More specifically, does DfID explicitly address caste exclusion across all the civil society programmes that it funds, developing clear benchmarks and indicators to monitor this? Furthermore, does DfID integrate social exclusion into all its programmes, beyond those of civil society? Does DfID support excluded groups in their advocacy and help them increase the accountability of Governments to the most excluded? In order that we might be clear that we are practising what we are preaching, does DfID ensure that in its own employment practices it has a team that is fully inclusive and representative? Following on from that, does DfID, throughout its India office, build understanding of social exclusion? Without positive answers to these and other questions, all attempts at poverty reduction will be undermined, as a growing body of research increasingly shows.
DfID also has a key role to play in influencing other donors, such as the Asian Development Bank, the European Community, the World Bank, the UNDP, and so on, better to understand and address these issues. DfID has a key role in ensuring that all UK NGOs and foreign investors adopt best employment practices in their policies. There is evidence in the past of some employment agencies used by NGOs excluding certain Dalit and Muslim names before passing on selected candidates.
I have mentioned that there are at least three key areas—education, health and access to benefits. I know that the noble Lord, Lord Avebury, will address education in particular and how Dalits are heavily disadvantaged in every aspect of education. I shall not therefore deal with that. However, I will briefly mention another area—children’s health. A recent study of children under 12 being treated showed that Dalit children were discriminated against in a variety of ways. By every indicator, this discrimination was shown to affect between 80 per cent and 90 per cent of encounters between Dalit children and those charged with providing them with some kind of medical help. I shall give some small examples. Medicine was placed in the hand without the person giving it actually touching the hand; or the medicine would be put on the floor or window sill; they were given less time with doctors and nurses; and the children were called names and treated roughly. It is not surprising that infant mortality—high in India as a whole—is particularly high among Dalits.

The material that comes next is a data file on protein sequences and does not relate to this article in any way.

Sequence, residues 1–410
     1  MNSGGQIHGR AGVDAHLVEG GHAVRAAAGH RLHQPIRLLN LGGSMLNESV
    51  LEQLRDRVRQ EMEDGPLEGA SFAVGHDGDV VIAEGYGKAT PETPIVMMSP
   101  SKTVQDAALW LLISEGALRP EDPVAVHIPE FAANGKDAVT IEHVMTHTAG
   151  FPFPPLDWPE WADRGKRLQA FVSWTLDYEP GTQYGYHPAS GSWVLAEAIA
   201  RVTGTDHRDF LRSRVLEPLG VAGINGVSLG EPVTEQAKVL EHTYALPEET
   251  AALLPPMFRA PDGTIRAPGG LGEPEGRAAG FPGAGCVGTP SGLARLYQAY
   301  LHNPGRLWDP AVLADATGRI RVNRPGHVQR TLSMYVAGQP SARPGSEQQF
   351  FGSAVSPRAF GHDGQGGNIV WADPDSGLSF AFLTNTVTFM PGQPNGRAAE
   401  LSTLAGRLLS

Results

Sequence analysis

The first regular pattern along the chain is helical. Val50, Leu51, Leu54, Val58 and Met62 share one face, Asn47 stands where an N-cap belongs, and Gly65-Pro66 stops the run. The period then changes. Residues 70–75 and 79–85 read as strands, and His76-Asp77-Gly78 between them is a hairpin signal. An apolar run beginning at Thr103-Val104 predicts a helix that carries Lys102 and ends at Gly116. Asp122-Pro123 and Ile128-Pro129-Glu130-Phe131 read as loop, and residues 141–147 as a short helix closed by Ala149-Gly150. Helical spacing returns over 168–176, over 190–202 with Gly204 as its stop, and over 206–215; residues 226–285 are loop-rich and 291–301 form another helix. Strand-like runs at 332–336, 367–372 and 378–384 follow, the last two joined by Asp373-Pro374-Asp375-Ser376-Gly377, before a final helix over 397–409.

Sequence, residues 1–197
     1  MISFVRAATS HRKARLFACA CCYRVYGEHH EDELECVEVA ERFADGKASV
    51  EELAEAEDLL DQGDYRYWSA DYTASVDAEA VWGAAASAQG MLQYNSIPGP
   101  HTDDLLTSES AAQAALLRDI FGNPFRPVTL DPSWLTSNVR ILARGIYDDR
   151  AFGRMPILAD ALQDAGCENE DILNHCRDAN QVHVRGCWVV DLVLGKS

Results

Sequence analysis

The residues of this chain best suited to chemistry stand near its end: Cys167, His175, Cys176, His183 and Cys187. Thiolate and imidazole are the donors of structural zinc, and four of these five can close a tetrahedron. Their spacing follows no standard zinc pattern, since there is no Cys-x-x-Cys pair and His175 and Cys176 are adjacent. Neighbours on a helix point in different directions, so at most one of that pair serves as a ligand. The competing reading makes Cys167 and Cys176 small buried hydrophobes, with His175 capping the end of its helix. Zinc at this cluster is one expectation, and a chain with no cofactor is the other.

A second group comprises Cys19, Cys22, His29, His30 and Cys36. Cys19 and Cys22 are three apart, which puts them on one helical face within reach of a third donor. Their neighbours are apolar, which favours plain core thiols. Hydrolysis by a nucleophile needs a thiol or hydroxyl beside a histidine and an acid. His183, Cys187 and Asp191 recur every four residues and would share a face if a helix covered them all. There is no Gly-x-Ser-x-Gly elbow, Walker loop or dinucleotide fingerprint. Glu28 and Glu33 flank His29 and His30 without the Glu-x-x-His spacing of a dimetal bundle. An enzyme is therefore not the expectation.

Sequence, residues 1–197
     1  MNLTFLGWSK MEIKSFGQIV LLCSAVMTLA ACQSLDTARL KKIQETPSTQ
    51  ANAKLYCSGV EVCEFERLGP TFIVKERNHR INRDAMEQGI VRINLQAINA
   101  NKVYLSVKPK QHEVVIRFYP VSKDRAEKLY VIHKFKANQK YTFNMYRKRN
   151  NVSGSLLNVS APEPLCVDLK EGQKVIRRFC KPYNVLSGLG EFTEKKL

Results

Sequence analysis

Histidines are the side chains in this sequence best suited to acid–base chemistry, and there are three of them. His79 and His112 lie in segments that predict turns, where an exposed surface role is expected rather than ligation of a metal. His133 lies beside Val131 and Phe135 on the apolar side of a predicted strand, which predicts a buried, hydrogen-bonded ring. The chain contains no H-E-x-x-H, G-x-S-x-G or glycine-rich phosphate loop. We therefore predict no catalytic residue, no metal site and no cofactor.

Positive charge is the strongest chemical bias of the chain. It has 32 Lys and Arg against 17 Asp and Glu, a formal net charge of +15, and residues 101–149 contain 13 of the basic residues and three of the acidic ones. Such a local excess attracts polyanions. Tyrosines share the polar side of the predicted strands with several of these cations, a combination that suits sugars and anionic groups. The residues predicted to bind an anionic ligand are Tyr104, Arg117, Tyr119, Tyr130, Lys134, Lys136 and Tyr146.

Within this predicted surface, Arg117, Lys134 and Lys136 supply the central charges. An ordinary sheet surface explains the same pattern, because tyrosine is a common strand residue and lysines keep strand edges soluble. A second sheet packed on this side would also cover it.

There is another particular area that the noble Baroness, Lady Cox, would have highlighted if she had been able to speak in the debate. I refer to the human trafficking and slavery of India’s Dalits. For example, there may be as many as 20 million people in Indian bonded labour, of whom between 80 per cent and 98 per cent are Dalits. In addition, children, particularly Dalit children, are being trafficked into domestic servitude and prostitution, with 40 per cent of India’s sex workers being children. Then there is ritualised prostitution and bride trafficking. In all these areas, it is Dalits who are most at risk and find it almost impossible to obtain redress. Often they do not have identity papers, they have difficulty being believed, and—believe it or not—a third of rural police stations do not even allow Dalits to cross the threshold. DfID has done well to institute the human trafficking in south Asia programme, but at the moment its resources are too small to make the impact that is needed—not just in cross-border trafficking but in India itself.
My point is therefore very simple. It is impossible to tackle the subject of poverty, particularly in India, Nepal and Bangladesh, without highlighting and prioritising the issue of Dalits and expressing those priorities in real policy terms. DfID is aware of this, but is that awareness driving every aspect of policy in a concerted and consistent way? Is the effect of this policy on the Dalits being properly monitored?